Donburi is a Japanese rice bowl dish. Hot steaming rice is place in the bowl topped with fish, meat, or vegetables. The flavorful meat and vegetable juices are absorbed into the rice making it all the more tasty. The toppings need not be fancy. In fact, a simple soft cooked egg drizzled with soy sauce makes a very tasty topping.

Beef donburi also known as Gyudon is very popular in Japan. You can find this fast and inexpensive dish at chain stores across the country. The beef is typically cooked with onions, soy sauce, mirin, sake, and sugar giving it a sweet and salty flavor. Egg is commonly added. Beni shoga (pickled red ginger) and shichimi togarashi (seven flavor chili pepper) are good accompaniments. A bowl of miso soup completes the meal.

When I was a kid, Mom often made half boiled (soft cooked) eggs for breakfast. These were very soft eggs with runny whites and yolks. Fresh brown eggs were placed in a large enamel mug and boiling water poured over to cover the eggs. The lid was placed on the mug and the eggs sat in the hot water bath for 5 to 6 minutes. As soon as the timer went off, the water was drained and the eggs cracked into individual serving bowls. They were then seasoned with a little soy sauce and pepper and served immediately with toast. I remember eating this quite often until I eventually outgrew it. Please note that 5 to 6 minutes may be sufficient in the tropics but over here where it is much cooler, the eggs need to sit for 8 to 9 minutes.

Onsen tamago (hot spring eggs), on the other hand, have firmer egg whites and yolks but they are still soft and creamy. Originally these eggs are slow cooked in baskets lowered into the hot springs. As the temperature in the hot springs is more or less constant, only the timing need to be monitored. Making these at home can be a little tricky as the temperature and timing has to be just right. There are various methods but the easiest and fastest is to use the same method as soft cooked eggs by increasing the time to 11 or 12 minutes instead. The egg in the pictures was a little soft as the water did cool slightly with the lid off while I took pictures. :(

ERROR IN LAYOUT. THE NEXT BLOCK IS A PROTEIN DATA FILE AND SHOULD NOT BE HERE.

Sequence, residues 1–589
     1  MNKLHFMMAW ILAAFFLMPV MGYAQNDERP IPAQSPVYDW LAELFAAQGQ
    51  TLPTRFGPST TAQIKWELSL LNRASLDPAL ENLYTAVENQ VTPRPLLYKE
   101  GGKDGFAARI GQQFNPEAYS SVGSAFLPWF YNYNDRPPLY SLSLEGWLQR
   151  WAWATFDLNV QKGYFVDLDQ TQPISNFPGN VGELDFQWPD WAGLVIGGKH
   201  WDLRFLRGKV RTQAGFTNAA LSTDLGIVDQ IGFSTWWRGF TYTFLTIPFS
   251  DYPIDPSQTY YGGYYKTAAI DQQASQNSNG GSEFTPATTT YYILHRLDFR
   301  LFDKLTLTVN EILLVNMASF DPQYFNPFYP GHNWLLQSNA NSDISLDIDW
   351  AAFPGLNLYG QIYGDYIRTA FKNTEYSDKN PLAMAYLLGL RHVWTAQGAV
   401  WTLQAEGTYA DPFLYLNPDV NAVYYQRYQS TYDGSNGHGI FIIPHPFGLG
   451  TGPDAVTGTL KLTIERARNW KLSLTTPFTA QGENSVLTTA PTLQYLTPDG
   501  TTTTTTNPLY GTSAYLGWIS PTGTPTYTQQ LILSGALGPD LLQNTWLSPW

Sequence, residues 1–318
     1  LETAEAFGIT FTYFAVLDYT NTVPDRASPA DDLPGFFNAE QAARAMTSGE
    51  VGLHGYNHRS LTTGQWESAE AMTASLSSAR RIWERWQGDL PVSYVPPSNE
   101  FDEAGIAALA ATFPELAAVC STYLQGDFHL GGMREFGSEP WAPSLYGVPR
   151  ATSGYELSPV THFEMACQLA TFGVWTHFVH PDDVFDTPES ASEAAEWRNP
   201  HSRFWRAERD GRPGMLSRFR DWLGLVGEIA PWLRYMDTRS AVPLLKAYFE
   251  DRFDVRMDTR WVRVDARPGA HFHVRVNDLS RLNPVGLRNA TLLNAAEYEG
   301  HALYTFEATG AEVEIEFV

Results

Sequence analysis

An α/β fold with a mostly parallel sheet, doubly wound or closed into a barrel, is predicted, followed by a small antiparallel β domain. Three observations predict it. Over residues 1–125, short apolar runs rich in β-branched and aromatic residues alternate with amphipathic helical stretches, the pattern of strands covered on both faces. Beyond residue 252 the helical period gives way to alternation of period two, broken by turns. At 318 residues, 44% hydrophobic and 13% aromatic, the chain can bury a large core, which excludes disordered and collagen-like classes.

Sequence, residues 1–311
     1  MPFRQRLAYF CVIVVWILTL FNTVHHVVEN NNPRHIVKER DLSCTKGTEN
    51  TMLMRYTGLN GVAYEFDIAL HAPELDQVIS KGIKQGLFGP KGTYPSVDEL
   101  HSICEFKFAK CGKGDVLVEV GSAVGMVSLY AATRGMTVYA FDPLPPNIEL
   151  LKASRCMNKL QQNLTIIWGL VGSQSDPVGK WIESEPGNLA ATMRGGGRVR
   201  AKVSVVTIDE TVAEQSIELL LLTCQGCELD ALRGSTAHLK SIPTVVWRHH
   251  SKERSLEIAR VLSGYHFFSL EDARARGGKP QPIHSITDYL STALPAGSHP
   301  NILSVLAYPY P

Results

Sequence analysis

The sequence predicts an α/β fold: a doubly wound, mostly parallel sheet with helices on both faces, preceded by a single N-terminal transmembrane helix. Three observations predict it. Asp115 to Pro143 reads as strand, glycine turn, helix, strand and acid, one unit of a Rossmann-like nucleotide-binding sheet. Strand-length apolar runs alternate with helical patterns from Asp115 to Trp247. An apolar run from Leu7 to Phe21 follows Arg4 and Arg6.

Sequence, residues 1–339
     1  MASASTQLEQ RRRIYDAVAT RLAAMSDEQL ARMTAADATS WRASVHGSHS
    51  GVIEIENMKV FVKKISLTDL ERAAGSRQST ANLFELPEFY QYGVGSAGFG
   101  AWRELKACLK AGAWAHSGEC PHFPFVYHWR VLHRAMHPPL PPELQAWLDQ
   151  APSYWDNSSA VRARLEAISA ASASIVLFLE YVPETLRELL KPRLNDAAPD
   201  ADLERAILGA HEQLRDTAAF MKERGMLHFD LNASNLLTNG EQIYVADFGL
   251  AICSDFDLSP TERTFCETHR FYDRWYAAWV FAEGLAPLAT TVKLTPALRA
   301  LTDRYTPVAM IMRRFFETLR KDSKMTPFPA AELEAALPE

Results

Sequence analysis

The spicy kimchi is a nice counterpoint to the beef and egg. I used store bought Napa cabbage kimchi this time as it has been a while since I made my own. If you prefer homemade kimchi, do check out my Stuffed Oi Kimchi (Cucumber Kimchi) or Kkakdugi (Radish Kimchi).

Gyudon with Kimchi and Onsen Tamago

Prep Time: 15 minutes

Cook Time: 20 minutes

Yield: 4 servings

Gyudon with Kimchi and Onsen Tamago


  • 1 lb (450g) sirloin steak, thinly sliced
  • 2 onions, thinly sliced
  • ¼ cup (60ml) soy sauce
  • 2 tbsp mirin
  • 2 tbsp sake
  • ¼ cup (60ml) water
  • ½ tsp hondashi
  • 1 tsp sugar
  • 1 tbsp sesame oil
  • 4 large eggs
  • Serve with
  • 4 cups cooked short grain rice (preferably hot and steaming)
  • 1 cup Napa cabbage kimchi
  • Slice green onions to garnish


Bring eggs out of the refrigerator. Rinse with warm water from faucet and allow to sit for 10 to 15 minutes for them to come to room temperature. Mix together soy sauce, mirin, sake, hondashi, and sugar in a bowl. Set aside.

Heat sesame oil in a large pan. Fry onions until soft, about 2 minutes. Add beef and fry for another 2 minutes. Pour in soy sauce mixture. When it comes to a boil, reduce heat and allow it to simmer for about 5 minutes. Skim off any scum appearing on the surface. Turn off heat.

While beef is cooking, cook the eggs. Fill a medium sized saucepan with water enough to submerge eggs. Bring water to boil. Turn off heat and remove saucepan from hot stove. Gently lower eggs into hot water and place the lid on. Allow eggs to cook in hot water for 11 to 12 minutes. Drain.

Divide cooked rice into 4 bowls. Pile cooked beef and kimchi onto rice. Crack one cooked egg into each bowl. Garnish with green onions and serve immediately.

Beef, kimchi, and egg should be piled neatly but separately on top of rice. Serve immediately with a bowl of miso soup.

Enjoy…..and have a wonderful day! 8)